When asked if Bella is an anti-feminist heroine, Meyer, believing the accusation springs from Bella’s choice to marry early and carry a unexpected and life threatening pregnancy to term, argues that the accusations are invalid because Bella exercises her right to choose—the right to choose that feminists have fought for. Meyer says, “I never meant for her fictional choices to be a model for anyone else’s real life choices…she’s in a situation that none of us has ever been in, because she lives in a fantasy world.” (www.stepheniemeyer.com)
Meyer is correct. Bella does live in a fantasy world, filled with vampires and werewolves. However, if the vampire and werewolf aspects are removed from the story, you are left with a story which fits the description of an abusive relationship: “a pattern of abusive and coercive behaviors used to maintain power and control over a[n]…intimate partner” (http://stanford.edu/group/svab/relationships.shtml). Stanford.edu gives sixteen “signs or ‘red flags’ to assist people in identifying a potentially abusive person” (http://www.stoprelationshipabuse.org/signs.html). Edward exhibits 13 of the 16.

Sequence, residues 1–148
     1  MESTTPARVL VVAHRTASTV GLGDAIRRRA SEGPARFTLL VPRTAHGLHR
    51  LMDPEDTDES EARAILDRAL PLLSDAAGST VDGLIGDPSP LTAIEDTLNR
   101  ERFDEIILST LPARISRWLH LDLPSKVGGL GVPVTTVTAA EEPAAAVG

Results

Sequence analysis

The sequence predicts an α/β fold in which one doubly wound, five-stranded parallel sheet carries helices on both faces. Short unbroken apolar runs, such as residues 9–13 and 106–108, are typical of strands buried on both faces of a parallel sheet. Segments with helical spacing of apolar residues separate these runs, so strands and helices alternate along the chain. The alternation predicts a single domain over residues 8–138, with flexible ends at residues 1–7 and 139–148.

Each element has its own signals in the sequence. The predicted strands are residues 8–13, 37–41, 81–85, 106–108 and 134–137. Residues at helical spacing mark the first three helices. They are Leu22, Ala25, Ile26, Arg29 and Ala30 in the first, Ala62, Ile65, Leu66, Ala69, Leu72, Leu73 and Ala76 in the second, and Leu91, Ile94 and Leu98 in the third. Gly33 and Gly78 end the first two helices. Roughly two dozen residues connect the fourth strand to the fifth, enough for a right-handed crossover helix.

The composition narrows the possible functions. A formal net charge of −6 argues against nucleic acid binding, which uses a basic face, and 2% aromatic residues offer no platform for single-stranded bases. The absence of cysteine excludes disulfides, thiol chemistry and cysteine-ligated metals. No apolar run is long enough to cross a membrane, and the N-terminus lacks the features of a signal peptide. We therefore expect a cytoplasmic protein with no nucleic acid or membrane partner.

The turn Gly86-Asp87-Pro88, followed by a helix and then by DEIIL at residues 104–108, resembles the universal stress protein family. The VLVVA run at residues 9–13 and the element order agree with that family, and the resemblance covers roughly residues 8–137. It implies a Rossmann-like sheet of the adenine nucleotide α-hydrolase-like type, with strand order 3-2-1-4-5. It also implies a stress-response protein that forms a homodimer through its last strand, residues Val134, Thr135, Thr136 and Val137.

Rachel Allen, a California mom, whose daughter defended Twilight with the “it’s just a fantasy” argument, writes, “[T]he thing is, the romance is not really the fantasy part. The romance is presented as the realistic part.” (www.canow.org)